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Business Roundtable Urges Fresh Look at U.S. Trade Policy
Washington, DC, USA, 14 September 2006 -- /PRNewswire/ -- To provide policymakers with recommendations for new approaches to international trade and investment policy that will help ensure continued U.S. economic growth, Business Roundtable, representing 160 chief executive officers of leading U.S. companies, today released a policy blueprint entitled "Expanding Economic Growth Through Trade and Investment: A Blueprint for U.S. Leadership in the 21st Century."

Today, the global economy and business environment is moving more rapidly than trade negotiations. The paper offers a vision for U.S. trade and investment policy that spurs continued economic growth and ensures the nation's ability to keep pace with historic global changes -- including the rise of new trading nations, an economically integrating Asia, an expanding European Union, and revolutionary changes in technology.

"The United States faces significant economic challenges that require a practical reexamination of our trade policies to ensure continued U.S. leadership," said Harold McGraw III, chairman, president and CEO, The McGraw- Hill Companies, and chairman, Business Roundtable. "International trade and investment have been a key source of U.S. economic prosperity for more than a century. The importance of international markets to U.S. business is greater than ever, with more than 26% of the nation's GDP represented by trade and nearly one in five U.S. jobs related to trade."

Business Roundtable's recommendations address the following areas:

Multilateral Trade Negotiations -- How to maximize the World Trade Organization's effectiveness by considering more flexible negotiating approaches in future WTO negotiations, such as encouraging negotiations among smaller groups of countries who are more committed to trade liberalization and focusing on sectors where there is greater support for agreements to expand trade.

Regional and Bilateral Agreements -- How to make these trade agreements work better by integrating our regional and bilateral agreements and exploring how to reach new agreements with our major trading partners.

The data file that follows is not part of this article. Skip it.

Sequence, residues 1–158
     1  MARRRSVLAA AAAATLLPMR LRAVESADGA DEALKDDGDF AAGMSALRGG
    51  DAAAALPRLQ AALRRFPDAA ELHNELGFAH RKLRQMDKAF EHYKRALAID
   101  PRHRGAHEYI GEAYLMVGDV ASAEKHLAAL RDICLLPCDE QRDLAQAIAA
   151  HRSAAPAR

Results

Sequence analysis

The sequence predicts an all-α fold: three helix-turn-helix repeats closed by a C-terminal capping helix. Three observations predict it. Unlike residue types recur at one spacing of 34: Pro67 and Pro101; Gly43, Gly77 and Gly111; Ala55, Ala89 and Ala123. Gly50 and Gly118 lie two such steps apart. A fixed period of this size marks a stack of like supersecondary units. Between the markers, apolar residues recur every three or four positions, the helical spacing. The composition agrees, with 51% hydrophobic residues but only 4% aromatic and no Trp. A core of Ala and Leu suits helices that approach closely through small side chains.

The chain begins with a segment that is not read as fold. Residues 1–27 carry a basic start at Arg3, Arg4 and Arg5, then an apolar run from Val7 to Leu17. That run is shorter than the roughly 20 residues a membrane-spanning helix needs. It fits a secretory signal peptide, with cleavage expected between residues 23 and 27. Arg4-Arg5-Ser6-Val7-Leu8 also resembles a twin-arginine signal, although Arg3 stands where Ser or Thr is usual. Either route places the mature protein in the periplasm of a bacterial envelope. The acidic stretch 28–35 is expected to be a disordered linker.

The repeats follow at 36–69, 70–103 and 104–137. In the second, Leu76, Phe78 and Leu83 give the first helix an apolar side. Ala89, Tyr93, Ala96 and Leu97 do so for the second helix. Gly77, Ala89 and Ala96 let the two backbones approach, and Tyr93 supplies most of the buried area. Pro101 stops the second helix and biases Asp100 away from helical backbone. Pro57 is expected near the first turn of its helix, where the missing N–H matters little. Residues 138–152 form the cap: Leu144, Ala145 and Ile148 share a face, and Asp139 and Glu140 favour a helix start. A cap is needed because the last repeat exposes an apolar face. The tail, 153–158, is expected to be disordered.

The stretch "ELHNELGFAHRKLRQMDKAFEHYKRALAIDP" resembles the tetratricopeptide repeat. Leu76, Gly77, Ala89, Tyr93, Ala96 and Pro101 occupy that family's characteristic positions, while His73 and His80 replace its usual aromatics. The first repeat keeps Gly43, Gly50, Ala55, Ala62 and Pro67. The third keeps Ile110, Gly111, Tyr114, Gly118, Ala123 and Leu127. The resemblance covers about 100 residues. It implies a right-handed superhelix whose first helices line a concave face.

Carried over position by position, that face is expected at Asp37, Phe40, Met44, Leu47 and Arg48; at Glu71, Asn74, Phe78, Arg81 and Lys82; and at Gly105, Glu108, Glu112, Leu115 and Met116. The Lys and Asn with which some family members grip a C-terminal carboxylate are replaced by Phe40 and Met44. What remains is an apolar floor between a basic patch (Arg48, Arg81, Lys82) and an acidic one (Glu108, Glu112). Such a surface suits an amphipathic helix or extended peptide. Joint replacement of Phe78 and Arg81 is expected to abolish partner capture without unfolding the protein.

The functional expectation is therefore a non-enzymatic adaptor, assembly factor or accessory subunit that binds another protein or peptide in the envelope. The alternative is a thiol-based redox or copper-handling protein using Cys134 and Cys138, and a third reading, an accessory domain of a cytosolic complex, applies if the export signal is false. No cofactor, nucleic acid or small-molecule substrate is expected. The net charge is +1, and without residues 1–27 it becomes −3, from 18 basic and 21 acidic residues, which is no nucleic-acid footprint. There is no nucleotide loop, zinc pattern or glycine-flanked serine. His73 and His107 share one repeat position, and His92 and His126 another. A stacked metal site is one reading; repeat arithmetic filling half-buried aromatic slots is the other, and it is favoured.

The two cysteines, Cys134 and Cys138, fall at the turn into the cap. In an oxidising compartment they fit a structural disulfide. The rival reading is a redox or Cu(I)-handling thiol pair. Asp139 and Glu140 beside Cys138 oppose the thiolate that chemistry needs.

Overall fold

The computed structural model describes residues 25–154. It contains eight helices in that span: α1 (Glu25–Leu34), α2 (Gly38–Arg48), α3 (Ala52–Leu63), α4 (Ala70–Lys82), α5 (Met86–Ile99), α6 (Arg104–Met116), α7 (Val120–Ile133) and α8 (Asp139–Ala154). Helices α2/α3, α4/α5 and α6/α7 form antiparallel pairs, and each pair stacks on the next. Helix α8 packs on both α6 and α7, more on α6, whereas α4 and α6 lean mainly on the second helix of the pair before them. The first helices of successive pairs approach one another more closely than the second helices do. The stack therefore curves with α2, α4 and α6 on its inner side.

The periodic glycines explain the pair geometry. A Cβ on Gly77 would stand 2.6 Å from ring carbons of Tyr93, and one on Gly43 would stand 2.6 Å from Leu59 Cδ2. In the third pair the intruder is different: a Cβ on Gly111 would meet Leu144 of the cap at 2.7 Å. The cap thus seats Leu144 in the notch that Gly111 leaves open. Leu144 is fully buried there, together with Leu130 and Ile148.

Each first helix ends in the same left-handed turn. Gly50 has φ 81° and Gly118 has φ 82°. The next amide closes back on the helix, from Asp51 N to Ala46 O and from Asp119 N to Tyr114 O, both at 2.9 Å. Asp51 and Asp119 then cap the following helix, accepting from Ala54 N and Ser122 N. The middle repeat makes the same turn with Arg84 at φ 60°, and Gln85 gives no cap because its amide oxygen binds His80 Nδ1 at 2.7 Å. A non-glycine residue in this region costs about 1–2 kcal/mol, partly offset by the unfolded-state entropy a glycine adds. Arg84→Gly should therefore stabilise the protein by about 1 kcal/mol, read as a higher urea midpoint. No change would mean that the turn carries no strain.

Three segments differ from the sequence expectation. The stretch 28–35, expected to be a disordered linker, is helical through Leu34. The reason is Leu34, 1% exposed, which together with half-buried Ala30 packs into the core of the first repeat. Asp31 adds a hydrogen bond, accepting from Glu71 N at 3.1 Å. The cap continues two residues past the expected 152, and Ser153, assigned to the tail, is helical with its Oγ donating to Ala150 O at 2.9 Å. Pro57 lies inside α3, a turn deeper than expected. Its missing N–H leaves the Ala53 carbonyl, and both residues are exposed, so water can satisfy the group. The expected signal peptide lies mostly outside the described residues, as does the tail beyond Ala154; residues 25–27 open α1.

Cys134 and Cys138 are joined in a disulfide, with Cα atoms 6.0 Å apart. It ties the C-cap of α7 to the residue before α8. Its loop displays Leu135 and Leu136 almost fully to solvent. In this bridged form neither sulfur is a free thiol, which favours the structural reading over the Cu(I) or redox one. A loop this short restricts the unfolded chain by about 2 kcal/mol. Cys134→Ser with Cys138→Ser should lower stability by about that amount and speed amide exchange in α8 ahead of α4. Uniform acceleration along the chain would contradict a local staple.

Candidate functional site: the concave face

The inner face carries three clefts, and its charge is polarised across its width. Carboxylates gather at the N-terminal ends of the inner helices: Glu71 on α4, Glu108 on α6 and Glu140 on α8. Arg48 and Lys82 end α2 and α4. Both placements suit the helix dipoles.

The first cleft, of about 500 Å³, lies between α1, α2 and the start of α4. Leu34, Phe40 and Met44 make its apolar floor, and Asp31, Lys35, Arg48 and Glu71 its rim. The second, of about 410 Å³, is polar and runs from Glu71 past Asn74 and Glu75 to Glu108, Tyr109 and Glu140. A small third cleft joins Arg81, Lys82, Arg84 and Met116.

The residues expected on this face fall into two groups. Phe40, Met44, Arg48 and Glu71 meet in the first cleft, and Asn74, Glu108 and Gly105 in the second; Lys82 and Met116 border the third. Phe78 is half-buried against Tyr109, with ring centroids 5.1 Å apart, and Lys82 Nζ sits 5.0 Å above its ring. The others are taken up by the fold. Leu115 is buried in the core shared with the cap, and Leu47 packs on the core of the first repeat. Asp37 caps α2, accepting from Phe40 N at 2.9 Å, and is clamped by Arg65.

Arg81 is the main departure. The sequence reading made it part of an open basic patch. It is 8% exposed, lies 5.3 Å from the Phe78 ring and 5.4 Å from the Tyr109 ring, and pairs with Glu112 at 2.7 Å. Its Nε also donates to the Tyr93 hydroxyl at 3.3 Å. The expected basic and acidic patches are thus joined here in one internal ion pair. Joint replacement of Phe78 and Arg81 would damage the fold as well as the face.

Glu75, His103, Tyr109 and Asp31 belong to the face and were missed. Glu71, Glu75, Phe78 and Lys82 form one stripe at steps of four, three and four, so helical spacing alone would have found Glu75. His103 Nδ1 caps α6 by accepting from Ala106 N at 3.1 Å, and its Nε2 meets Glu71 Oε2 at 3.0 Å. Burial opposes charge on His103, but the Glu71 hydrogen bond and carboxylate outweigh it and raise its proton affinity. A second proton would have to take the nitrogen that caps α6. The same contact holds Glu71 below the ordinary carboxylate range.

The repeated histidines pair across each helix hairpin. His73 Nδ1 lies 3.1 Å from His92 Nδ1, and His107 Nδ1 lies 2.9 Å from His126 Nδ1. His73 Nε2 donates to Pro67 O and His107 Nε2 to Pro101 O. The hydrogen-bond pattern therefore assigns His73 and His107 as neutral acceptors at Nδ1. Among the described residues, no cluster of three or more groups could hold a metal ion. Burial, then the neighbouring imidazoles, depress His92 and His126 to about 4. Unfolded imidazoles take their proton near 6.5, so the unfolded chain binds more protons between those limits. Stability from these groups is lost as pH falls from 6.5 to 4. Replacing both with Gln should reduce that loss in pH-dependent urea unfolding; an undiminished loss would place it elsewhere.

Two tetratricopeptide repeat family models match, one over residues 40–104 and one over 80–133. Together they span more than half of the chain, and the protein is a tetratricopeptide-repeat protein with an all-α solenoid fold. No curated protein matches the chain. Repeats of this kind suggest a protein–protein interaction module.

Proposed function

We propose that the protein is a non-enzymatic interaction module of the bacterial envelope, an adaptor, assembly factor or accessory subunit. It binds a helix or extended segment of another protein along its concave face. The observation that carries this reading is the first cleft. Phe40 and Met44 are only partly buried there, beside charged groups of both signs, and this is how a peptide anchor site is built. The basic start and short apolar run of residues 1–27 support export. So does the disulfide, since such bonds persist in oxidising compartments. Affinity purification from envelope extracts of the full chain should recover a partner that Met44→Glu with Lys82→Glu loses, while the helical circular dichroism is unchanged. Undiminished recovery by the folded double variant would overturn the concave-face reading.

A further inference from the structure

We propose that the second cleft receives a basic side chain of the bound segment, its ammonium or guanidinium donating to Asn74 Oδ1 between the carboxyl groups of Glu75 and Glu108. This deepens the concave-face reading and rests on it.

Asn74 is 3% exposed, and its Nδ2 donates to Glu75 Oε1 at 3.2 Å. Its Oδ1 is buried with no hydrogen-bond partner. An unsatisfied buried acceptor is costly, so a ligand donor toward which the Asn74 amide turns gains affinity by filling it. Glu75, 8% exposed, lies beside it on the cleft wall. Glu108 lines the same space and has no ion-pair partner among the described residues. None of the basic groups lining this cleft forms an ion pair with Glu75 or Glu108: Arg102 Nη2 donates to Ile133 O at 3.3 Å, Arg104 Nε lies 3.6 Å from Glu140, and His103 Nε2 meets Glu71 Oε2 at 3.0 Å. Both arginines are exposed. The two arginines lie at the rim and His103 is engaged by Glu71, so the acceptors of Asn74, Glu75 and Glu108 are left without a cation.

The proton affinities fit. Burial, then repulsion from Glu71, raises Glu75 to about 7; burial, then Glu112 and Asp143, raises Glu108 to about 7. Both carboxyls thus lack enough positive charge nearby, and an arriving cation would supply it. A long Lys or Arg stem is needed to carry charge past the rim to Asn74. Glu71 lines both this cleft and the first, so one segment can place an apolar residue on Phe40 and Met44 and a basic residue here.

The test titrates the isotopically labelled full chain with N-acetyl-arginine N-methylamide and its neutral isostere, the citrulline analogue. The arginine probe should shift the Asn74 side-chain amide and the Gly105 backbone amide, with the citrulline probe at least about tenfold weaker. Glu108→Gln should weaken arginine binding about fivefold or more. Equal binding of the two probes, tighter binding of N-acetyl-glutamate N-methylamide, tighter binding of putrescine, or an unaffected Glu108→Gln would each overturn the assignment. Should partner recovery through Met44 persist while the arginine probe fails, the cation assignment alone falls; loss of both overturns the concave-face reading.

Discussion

Foreign Regulations -- How to make sure that foreign regulatory systems do not unnecessarily or unfairly undermine the competitiveness of U.S. businesses and their workers, by integrating regulatory issues into the core of U.S. international economic initiatives.

Bilateral Investment and Tax Treaties -- How to ensure that U.S. investors are getting the same level of protection in key countries as their foreign competitors, and to ensure U.S. investors do not suffer discrimination in the application of foreign tax laws, by embarking on a more aggressive negotiation of investment and tax treaties.

Trade and Development -- How to make sure that developing countries can effectively participate in the global economy, and that advanced developing countries are doing their share to help the least developed countries in their regions, by better integrating U.S. trade objectives into U.S. trade preference and development programs.

American Competitiveness -- How to lay the domestic groundwork for American competitiveness by promoting an ambitious competitiveness agenda, narrowing the current account deficit, identifying and eliminating disincentives to international trade and investment, and revitalizing the Congressional-Executive relationship on trade negotiations.

"The recommendations we put forward today will require a new framework for U.S. trade and investment policies. This is a challenge we cannot afford to ignore if the U.S. is to continue to win in the global economy," McGraw concluded.

Expanding Economic Growth Through Trade and Investment: A Blueprint for U.S. Leadership in the 21st Century was delivered today to all members of Congress. A PDF copy of the paper is available at http://www.trade.businessroundtable.org/.

Business Roundtable (http://www.businessroundtable.org/) is an association of chief executive officers of leading U.S. companies with more than USD 4.5 trillion in annual revenues and more than 10 million employees. Member companies comprise nearly a third of the total value of the U.S. stock market and represent nearly a third of all corporate income taxes paid to the federal government. Collectively, they returned more than USD 110 billion in dividends to shareholders and the economy in 2005.

Roundtable companies give more than USD 7 billion a year in combined charitable contributions, representing nearly 60% of total corporate giving. They are technology innovation leaders, with USD 86 billion in annual research and development spending -- nearly half of the total private R&D spending in the U.S.

Source: Business Roundtable

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